For the last several days I’ve been seeing Isaac around town. Driving along main street, there he was walking with his friends, coming up Hefron Hill, there he was walking home from the lake with his shirt off. I even saw a car like mine down at the park and thought he was there playin ball…Yesterday, standing to pay at the drug store, I watched him walk by out on the sidewalk. My heart lurched and told my body to sprint after him and hug him tight. I resisted the urge to follow the boy wherever he was headed.
Summer has always meant Isaac to me; I carried him through August and summer symbolized my growing curiosity of who he might be and then, summer became our most joyous season together. We played. We explored. We browned our skin. We swam, we grew things, we stayed up later and rose earlier, trying to take in as much of the sun as we could. We learned constellations and the names of weeds, picked strawberries, rhubarb & peaches and made jam and pie. Camping and long lazy river trips…We visited neighbors and napped in hammocks. We frolicked and savored, toiled in the garden, rode our bikes as far as our legs would take us, stopped for ice cream and rode home full and happy. We told stories, roasted marshmallows, dreamed big and laughed long. In his teen years each of these traditions continued but time was split between his summer job at Papanos Pizza. I never wanted him to work too much because I felt summer vacation was important to us as a family as well as just wanting to spend more time with him on a relaxed schedule. Each summer he worked a little more than the last and spent more and more time with friends and girlfriends, but I never felt like he blew me off. He prioritized time with me and I was grateful. My friends were accustomed to me changing plans last-minute if suddenly the opportunity arose to hang with Isaac.
Generally speaking, summer was a happy time for me. There were a few summers in the not so distant past that were challenging; the fog of depression could not be lifted. I found myself isolating alot from friends, family, clients, commitments. But Isaac was a constant and steady presence always. There was never anyone I wanted to hang out with more than this boy, and, there was never a time, not even once, that I didn’t want to hang out with him. Depression may have limited our activities out in the world, even out in our yard, sometimes, but summer vacation was always about Isaac & Mama.
I never really told him the extent of my depression, how far it reached inside of me and took almost everything. But I don’t believe you can live with an elephant in the room and not atleast mention him. I was as honest about my process, as I felt I could be, which grew as he did. The older he got, the more I tried to help him understand his weirdo sad mom. I’m not sure I was kind toward myself about it~ Im not sure I had the kind of self compassion I would have if someone else in my home was suffering with the same affliction. Depression always felt like an unwelcome guest that I endured.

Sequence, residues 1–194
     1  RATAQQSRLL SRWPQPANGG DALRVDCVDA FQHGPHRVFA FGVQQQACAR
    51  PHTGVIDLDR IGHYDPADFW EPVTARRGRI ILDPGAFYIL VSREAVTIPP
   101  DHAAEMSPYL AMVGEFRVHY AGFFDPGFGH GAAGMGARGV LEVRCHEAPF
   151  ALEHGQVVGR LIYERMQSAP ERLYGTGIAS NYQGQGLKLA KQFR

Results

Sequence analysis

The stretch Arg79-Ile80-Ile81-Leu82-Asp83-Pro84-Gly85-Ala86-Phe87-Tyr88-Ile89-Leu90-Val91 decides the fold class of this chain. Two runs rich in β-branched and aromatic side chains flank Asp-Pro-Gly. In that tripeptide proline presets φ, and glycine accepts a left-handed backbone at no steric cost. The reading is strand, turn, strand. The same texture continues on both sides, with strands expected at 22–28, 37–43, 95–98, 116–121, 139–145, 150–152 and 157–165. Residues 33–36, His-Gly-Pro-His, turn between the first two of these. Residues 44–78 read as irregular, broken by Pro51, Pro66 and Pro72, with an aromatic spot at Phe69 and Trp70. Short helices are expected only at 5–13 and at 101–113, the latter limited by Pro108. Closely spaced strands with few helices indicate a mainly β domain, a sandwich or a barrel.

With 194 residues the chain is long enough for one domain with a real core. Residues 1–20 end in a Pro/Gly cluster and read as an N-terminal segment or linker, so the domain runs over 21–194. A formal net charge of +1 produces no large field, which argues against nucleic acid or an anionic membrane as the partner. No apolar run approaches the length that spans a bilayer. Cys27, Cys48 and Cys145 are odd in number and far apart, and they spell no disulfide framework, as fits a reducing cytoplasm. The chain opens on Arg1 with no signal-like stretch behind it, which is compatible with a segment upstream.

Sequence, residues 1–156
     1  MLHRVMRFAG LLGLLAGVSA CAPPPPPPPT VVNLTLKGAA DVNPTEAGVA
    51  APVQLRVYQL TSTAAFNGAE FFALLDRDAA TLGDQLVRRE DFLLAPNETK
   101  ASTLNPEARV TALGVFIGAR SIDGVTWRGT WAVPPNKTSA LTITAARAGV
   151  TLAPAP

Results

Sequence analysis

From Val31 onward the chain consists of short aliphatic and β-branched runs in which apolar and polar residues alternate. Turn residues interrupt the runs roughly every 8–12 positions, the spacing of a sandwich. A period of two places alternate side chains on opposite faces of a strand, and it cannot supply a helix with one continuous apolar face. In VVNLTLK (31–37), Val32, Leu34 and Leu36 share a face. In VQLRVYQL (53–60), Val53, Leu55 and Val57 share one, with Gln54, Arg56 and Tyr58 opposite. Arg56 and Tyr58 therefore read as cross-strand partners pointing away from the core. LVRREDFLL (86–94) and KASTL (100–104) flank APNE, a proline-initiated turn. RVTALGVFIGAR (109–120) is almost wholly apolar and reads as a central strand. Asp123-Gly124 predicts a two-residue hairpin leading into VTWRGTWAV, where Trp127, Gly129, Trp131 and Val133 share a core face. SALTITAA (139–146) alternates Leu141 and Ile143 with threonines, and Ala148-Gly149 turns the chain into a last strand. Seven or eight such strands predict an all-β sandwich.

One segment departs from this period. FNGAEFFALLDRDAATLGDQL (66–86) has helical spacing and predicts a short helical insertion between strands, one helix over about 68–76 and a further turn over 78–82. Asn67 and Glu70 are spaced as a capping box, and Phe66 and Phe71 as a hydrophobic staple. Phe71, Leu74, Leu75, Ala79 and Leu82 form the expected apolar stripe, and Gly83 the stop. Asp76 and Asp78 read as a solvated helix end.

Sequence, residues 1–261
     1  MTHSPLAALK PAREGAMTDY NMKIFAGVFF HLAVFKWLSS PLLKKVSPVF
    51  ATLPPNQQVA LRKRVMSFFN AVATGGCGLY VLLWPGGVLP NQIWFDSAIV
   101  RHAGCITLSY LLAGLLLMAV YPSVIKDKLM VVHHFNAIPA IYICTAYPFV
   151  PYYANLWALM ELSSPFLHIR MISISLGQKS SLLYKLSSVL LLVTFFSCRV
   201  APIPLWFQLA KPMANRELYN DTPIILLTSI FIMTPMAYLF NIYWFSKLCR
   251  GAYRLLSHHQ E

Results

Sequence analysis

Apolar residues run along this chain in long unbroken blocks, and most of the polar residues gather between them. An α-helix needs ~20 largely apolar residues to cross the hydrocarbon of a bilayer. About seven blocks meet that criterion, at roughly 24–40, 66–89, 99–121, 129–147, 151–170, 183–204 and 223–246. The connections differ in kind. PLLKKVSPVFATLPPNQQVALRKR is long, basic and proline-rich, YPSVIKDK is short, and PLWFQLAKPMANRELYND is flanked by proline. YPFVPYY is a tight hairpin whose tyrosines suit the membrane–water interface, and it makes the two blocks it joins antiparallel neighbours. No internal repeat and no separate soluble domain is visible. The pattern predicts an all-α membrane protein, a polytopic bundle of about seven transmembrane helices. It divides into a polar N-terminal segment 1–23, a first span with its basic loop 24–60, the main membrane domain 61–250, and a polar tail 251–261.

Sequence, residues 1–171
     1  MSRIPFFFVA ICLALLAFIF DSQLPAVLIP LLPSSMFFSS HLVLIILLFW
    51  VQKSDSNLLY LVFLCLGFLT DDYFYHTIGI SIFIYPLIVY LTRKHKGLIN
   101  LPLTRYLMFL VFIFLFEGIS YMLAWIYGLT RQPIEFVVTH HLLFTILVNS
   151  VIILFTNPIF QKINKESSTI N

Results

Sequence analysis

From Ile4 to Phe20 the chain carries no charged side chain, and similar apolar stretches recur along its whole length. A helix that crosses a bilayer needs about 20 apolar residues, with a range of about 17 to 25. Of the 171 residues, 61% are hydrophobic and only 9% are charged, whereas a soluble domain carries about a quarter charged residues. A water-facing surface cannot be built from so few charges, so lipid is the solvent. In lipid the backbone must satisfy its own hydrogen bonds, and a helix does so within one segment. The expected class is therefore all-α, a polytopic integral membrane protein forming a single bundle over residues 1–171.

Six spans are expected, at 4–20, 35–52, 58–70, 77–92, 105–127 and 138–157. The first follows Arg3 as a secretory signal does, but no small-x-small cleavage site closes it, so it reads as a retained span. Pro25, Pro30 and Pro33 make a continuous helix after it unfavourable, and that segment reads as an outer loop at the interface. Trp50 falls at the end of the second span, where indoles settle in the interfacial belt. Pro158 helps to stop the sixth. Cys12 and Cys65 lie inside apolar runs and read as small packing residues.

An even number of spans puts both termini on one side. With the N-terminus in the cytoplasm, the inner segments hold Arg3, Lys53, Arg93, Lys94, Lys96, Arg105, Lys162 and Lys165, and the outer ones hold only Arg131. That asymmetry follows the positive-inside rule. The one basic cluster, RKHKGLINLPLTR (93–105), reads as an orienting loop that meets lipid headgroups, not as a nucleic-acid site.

Last summer was the first summer in a few that I was not depressed. I had worked really hard on some things that I feel needed to be addressed that helped me recover. This process was much easier to share with Isaac, because he was older, because I felt my time with him was precious & fleeting with senior year approaching, because I felt the urgency to teach him every important thing I may have missed in the era of melancholy, and, because I was healthier & happier and not living in shame every second.
We shared my car last summer and I still find his burned cd’s in the glove box. Yesterday, after picking strawberries with Jack & Aunt Randi, we put one on. I was reminded of Isaac peeling into the driveway with the speakers blasting, or Isaac driving me along M22 for a day trip to the dunes or Fishtown to play Fudgie or catch the sunset and play frisbee. Isaac loved music. He was into lyrics. He had an equal fondness for hip hop & country. When I listen to these genres I think of him. Yesterday there was a sweetness as we blasted gangsta rap and drove through farmland.
I feel an immense gratitude that despite enormous grief, I do not seem to be locked into what Andrew Solomon calls “The Noonday Demon” in his book, an atlas for depression. Grief stands alone as the tug at my heart~ my channels remain open to give & receive love in this season of abundance. My sense of self is not vapid, my joy, while not the same quality it once was, is not lackluster. Depression casts a gloomy hue over even the best of times, and makes the difficult times nearly impossible to navigate. It is remarkable to me after years of struggling that this is not my default setting. I notice particular habits that were generated & perpetuated during those times that are hard to break~ but, again, despite grief, find myself daring to shatter the glass ceiling… survival is a wonder, really & truly. Desiring to stay the course when it would be easy to give up or fall back into the black hole abyss that is depression.
I miss my son. I ache to touch him, to ask him how he’s been, to make him pancakes, plan an adventure. But I find that summer comes anyway and I have a choice; to see him everywhere and be sad or to see him everywhere and smile. My memories are my proof that he lived, we loved, that once upon a time I got to spend 18 of my favorite seasons with my favorite person of all time. As long as I am able, I choose to shine…